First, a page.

The dollar is gaining ground against all of its major competitors on Tuesday. With the Fourth of July holiday drawing near, investors have turned cautious ahead of Thursday’s meetings for both the European Central Bank and the Bank of England. The all important U.S. jobs report for June will also be released at the end of the week.
New orders for U.S. manufactured goods rose by slightly more than expected in the month of May, according to a report released by the Commerce Department on Tuesday, with the increase largely due to a jump in orders for transportation equipment.
The Commerce Department said factory orders surged up by 2.1 percent in May following an upwardly revised 1.3 percent increase in April. Economists had expected orders to increase by 2.0 percent compared to the 1.0 percent growth originally reported for the previous month.
The Civic Choice Party has threatened to withdraw support for the Italian government, expressing its disapproval of the slow pace of implementation of reforms.
Moody’s Investors Service on Monday said it considered Cyprus to have “defaulted” after its recent exchange of EUR 1 billion of existing domestic government bonds with longer-term bonds.
The rating agency said that though the debt exchange was in accordance with Cyprus’s commitments under the bailout program agreed with international partners, this represented a ‘distressed exchange’ according to its definitions.
Cypriot authorities announced the completion of the exchange of bonds on Monday. The exchange involved an extension of existing bonds maturing from 2013 through 2016 with longer maturities and no change in the bond coupon.
Portugal’s Finance Minister Vitor Gaspar has resigned, the President’s office said on Monday. His resignation comes at a time when the government is struggling to plug a deficit gap amid growing resistance to further austerity measures.
Gaspar will be replaced by Treasury Secretary Maria Luis Albuquerque. Gaspar had drawn flak from all quarters for his support to the EU imposed austerity measures.
The dollar climbed to a high of $1.2989 against the Euro on Tuesday, but has since retreated to around $1.3025.
Euro area statistical agency Eurostat on Tuesday revised up the euro area unemployment rate for May to 12.2 percent from 12.1 percent reported a day earlier, following a correction in the French data.
Following the correction, there was a 0.5 percentage point upward revision in the French unemployment rate for May, which resulted in the overall jobless rates for the currency-bloc as well as the EU moving up by 0.1 percentage point, the agency said.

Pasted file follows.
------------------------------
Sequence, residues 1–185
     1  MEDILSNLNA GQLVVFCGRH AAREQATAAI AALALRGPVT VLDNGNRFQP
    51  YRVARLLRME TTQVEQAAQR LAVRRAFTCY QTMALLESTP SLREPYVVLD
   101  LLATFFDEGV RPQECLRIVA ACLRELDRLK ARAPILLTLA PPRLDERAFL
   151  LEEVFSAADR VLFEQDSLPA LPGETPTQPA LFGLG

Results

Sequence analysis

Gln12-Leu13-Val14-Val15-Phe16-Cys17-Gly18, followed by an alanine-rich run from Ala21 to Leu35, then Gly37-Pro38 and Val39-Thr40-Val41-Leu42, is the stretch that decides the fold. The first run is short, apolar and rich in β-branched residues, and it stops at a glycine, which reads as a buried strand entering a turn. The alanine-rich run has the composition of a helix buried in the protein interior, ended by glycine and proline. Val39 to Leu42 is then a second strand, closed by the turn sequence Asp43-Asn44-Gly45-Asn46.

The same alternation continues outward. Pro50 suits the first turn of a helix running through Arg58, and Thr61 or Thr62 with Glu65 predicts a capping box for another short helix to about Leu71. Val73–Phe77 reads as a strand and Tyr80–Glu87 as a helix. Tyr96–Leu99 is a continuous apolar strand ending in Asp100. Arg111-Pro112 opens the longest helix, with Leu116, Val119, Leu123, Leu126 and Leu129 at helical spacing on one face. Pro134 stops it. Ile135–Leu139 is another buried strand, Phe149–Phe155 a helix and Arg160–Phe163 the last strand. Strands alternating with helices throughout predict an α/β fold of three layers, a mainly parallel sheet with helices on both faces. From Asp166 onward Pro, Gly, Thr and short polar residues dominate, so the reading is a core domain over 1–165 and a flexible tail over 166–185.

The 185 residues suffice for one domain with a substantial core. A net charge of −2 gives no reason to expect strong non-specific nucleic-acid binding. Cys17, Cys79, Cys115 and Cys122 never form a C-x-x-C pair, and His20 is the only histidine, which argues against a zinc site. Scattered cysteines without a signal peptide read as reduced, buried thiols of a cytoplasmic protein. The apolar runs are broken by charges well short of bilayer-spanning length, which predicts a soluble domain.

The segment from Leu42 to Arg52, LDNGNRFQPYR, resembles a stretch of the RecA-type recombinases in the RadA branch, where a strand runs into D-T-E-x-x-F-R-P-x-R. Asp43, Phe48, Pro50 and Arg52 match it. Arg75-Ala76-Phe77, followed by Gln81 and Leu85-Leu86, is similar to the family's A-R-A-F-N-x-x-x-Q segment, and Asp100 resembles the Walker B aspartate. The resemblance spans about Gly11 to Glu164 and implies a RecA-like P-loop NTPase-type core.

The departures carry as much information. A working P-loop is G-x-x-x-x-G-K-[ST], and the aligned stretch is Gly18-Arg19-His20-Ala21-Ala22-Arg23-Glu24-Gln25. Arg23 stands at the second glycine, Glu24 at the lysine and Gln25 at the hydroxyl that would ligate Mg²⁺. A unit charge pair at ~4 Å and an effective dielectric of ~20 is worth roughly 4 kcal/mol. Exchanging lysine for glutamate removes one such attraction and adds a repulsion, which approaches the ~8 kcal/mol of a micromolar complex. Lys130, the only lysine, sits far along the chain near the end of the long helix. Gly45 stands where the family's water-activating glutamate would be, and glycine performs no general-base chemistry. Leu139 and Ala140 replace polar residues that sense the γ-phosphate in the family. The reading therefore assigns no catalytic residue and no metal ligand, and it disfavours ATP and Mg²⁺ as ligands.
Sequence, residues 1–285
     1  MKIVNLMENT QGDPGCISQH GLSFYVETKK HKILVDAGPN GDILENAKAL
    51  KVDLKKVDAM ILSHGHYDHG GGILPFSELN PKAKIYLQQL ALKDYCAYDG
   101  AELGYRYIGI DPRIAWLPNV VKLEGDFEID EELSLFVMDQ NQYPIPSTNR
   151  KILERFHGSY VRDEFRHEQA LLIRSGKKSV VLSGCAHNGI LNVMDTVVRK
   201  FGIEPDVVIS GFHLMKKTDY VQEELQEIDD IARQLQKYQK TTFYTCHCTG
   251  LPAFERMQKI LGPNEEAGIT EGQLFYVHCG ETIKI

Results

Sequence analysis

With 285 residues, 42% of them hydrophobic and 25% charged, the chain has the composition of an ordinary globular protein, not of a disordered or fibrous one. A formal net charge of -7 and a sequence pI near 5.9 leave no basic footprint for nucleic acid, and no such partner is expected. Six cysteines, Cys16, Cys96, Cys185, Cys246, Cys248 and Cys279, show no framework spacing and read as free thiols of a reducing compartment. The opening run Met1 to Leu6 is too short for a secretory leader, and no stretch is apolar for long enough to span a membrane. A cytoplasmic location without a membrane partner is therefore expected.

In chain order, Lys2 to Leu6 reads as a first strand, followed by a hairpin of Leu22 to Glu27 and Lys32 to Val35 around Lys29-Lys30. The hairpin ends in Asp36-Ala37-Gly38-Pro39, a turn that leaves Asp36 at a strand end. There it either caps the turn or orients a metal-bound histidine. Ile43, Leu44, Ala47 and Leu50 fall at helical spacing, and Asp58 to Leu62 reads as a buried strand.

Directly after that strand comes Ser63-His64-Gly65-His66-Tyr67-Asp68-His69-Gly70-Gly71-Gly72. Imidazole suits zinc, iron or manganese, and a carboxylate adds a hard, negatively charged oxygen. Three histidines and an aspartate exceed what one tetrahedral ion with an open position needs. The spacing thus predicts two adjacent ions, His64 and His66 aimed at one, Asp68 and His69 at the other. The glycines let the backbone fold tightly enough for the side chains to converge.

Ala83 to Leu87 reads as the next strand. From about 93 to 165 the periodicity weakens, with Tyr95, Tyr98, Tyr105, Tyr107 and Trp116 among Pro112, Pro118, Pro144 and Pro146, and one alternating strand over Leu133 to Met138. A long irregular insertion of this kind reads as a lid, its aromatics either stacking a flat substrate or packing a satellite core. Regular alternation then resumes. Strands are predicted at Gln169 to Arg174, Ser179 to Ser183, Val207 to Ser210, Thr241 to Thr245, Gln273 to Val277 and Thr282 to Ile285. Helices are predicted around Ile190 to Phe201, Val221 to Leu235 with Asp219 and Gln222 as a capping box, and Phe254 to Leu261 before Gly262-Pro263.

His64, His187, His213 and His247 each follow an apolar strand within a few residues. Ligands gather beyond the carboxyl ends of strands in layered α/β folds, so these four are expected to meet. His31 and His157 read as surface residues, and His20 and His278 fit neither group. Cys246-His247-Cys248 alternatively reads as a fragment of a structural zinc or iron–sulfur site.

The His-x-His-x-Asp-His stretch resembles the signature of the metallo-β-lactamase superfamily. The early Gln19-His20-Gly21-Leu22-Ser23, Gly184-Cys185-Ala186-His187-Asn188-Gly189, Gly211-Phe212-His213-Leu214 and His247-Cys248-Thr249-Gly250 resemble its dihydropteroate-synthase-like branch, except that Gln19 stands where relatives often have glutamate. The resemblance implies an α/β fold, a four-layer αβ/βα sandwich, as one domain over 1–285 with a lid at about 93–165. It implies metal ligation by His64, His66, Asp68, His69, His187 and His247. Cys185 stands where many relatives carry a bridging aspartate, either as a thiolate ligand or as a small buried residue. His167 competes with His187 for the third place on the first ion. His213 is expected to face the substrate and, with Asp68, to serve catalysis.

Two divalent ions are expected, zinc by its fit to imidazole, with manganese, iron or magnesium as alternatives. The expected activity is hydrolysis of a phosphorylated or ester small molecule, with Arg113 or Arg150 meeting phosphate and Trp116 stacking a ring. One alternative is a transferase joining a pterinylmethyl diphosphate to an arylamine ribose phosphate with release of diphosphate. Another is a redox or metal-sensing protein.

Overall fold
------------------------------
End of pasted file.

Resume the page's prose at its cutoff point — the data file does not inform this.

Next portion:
Driven by weak energy prices, Eurozone producer prices declined further in May, opening up the scope for more monetary action from the central bank to kick start the recovery. Easing for the second consecutive month, producer prices were down 0.1 percent in May from the same period of last year, after falling 0.2 percent in April, data published by Eurostat revealed Tuesday. Economists had forecast prices to remain flat.
Bank of England Deputy Governors Andrew Bailey and Paul Tucker told lawmakers that U.K. regulators should limit the leverage ratio of U.K. banks at 3 percent.
This rule will limit the amount banks can lend relative to their capital. Policymakers now plan to impose this rule on banks, about five years ahead of globally agreed deadline.
The greenback dipped to an early low of $1.5237 against the pound sterling Tuesday morning, but has since climbed to around $1.5165.
U.K. construction sector expanded for the second straight month in June helped by strong residential building activity, and business confidence in the sector rose to the highest level in more than a year, in yet another sign that the economy is set to record faster improvement in the second quarter.
Survey data released by Markit Economics and the Chartered Institute of Purchasing and Supply (CIPS) on Tuesday showed that the purchasing managers’ index for the construction sector rose to a 13-month high of 51 in June from 50.8 in May.
The buck has extended its gains against the Japanese Yen to a fourth consecutive session Tuesday, reaching a 1-month high of Y100.446.
The monetary base in Japan spiked 36.0 percent on year in June, the Bank of Japan said on Tuesday, standing at 163.537 trillion yen. That follows the 31.6 percent surge in May.
Japan’s total labor cash earnings stayed unchanged for a second consecutive month in May, preliminary figures from the Labor Ministry showed Tuesday. Total wages in May amounted to JPY 267,567. Wages have been falling almost steadily since May 2012.